Some Knowledge About Embroidery

By | April 5, 2018

Embroidery is the art or handicraft of decorating fabric or other materials with designs stitched in strands of thread or yarn using a needle. Embroidery may also incorporate other materials such as metal strips, pearls, beads, quills, and sequins.

Definition: Decorative stitching on fabric. Generally involves non-lettering designs but can also include lettering and/or monograms. Evidence of embroidery digitizing exists during the reign of Egyptian pharaohs, in the writings of Homer and from the Crusaders of the 12th century. Evolved from hand work to manual sewing machines and from hand-looms and schiffli machines with hundreds of needles to high-speed, computerized multihead machines.

In free embroidery, designs are applied without regard to the weave of the underlying fabric. Examples include crewel and traditional Chinese embroidery.

The first thing you should do is look into the quality of embroidery that the embroidery company has done in the past. This is a no brainer. It shouldn’t be a problem for an embroidery company to show its past work. This will assure you that you are going to get what you pay for.
Something people don’t realize is that different embroidery machines and different brands of thread can make an enormous difference in the end quality of the embroidery design. Tajima embroidery machines are the best there is on the market today.

It’s also an important idea to find out what quality of thread the embroidery company uses for their designs. The higher quality of thread the less likely it will break during stitching. If the embroidery needle has to be rethreaded in the middle of stitching the design the design will not turn out as well. A superior quality brand thread (Madeira is the best brand) will also keep its color for much longer, and have more vibrant colors.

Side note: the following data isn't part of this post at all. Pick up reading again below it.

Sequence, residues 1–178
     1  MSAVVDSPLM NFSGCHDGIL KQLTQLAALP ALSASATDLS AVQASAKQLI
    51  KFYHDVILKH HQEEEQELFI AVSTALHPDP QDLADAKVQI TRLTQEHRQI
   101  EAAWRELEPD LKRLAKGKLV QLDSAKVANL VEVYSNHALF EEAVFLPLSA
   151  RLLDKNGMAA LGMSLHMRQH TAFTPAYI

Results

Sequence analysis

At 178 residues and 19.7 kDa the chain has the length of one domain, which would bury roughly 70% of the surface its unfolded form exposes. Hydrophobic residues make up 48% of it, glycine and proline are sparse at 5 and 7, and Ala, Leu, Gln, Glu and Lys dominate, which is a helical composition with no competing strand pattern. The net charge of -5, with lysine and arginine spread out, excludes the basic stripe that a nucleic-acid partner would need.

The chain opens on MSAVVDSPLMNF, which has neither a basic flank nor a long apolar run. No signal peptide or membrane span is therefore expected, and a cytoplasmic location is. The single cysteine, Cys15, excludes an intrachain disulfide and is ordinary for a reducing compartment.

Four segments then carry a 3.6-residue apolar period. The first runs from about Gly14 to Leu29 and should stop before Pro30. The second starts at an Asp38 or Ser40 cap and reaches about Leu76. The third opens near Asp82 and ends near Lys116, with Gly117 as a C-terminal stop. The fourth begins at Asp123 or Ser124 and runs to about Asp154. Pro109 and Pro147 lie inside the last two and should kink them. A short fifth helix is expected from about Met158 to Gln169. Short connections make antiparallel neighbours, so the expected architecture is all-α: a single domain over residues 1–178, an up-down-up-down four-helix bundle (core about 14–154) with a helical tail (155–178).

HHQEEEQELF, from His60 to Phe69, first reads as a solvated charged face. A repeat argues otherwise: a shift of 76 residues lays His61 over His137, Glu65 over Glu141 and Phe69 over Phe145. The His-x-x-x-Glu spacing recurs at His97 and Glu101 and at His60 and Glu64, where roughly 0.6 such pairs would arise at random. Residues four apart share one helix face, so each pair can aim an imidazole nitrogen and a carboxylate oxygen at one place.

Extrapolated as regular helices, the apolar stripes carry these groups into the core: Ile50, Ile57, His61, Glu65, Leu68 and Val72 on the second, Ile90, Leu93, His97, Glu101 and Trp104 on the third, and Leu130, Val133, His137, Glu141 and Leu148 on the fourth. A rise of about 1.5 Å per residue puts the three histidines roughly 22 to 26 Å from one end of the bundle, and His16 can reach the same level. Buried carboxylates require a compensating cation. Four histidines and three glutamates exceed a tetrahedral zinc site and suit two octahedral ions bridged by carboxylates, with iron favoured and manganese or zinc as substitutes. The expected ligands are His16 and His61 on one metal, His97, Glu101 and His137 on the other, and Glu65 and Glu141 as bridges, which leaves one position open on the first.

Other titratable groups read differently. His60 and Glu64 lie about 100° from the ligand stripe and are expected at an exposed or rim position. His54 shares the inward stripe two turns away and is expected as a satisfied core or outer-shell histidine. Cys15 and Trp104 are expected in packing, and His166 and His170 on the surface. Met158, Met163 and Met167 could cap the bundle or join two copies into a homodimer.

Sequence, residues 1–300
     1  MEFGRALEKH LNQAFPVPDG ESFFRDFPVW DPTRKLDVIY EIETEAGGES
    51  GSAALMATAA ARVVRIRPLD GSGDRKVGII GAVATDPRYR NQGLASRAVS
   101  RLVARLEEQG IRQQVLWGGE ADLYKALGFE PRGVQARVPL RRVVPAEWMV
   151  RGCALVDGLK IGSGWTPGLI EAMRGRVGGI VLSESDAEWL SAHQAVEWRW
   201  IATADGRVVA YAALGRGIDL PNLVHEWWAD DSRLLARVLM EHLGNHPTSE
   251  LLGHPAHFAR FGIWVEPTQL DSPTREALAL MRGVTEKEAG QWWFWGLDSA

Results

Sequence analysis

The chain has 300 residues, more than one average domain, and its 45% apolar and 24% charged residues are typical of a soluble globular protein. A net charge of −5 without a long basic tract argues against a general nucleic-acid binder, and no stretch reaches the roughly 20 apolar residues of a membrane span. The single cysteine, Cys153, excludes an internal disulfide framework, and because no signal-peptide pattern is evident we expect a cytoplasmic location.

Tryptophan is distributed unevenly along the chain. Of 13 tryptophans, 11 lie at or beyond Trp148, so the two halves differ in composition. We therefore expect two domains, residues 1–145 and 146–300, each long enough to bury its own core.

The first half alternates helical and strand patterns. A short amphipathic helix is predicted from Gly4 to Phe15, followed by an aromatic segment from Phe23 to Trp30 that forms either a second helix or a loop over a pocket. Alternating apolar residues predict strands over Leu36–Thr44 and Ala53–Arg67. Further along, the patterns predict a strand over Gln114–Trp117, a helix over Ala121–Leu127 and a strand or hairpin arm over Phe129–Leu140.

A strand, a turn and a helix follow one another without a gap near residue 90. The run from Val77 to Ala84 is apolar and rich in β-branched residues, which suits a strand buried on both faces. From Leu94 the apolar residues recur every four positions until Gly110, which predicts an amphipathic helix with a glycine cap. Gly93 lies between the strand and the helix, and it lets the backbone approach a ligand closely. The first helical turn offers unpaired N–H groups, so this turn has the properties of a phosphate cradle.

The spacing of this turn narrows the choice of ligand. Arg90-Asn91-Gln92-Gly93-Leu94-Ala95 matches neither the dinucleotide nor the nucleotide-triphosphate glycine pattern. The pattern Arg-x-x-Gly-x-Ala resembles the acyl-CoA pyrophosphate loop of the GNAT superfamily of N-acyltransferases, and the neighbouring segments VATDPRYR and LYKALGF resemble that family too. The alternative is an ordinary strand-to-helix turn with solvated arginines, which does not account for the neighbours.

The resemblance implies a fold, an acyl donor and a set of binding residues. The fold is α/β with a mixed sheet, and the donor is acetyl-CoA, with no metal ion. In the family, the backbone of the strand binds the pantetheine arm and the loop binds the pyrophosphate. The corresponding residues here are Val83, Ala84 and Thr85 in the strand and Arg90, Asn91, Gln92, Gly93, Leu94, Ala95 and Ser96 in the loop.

In counted-thread embroidery, patterns are created by making stitches over a pre-determined number of threads in the foundation fabric. Counted-thread embroidery requires an even-weave foundation fabric such as embroidery canvas, aida cloth, or specially woven cotton and linen fabrics. Examples include needlepoint and cross-stitch.

In surface embroidery, patterns are worked on top of the foundation fabric using decorative stitches and laid threads. Surface embroidery encompasses most free embroidery as well as some forms of counted-thread embroidery (such as cross-stitch).

In canvas work, threads are stitched through a fabric mesh to create a dense pattern that completely covers the foundation fabric. All canvas work is counted-thread embroidery.

The origins of embroidery are lost in time, but examples survive from ancient egypt, iron age northern europe and song dynasty China. Elaborately embroidered clothing, religious objects, and household items have been a mark of wealth and status in many cultures including ancient Persia, India, Byzantium, medieval England (Opus Anglicanum or “English work”), and Baroque Europe.

Lari Smith has been writing articles online for nearly 3 years now. He has many more digitizing experience. If you need embroidery digitizing sharing, you can see our page http://www.eagledigitizing.com/.

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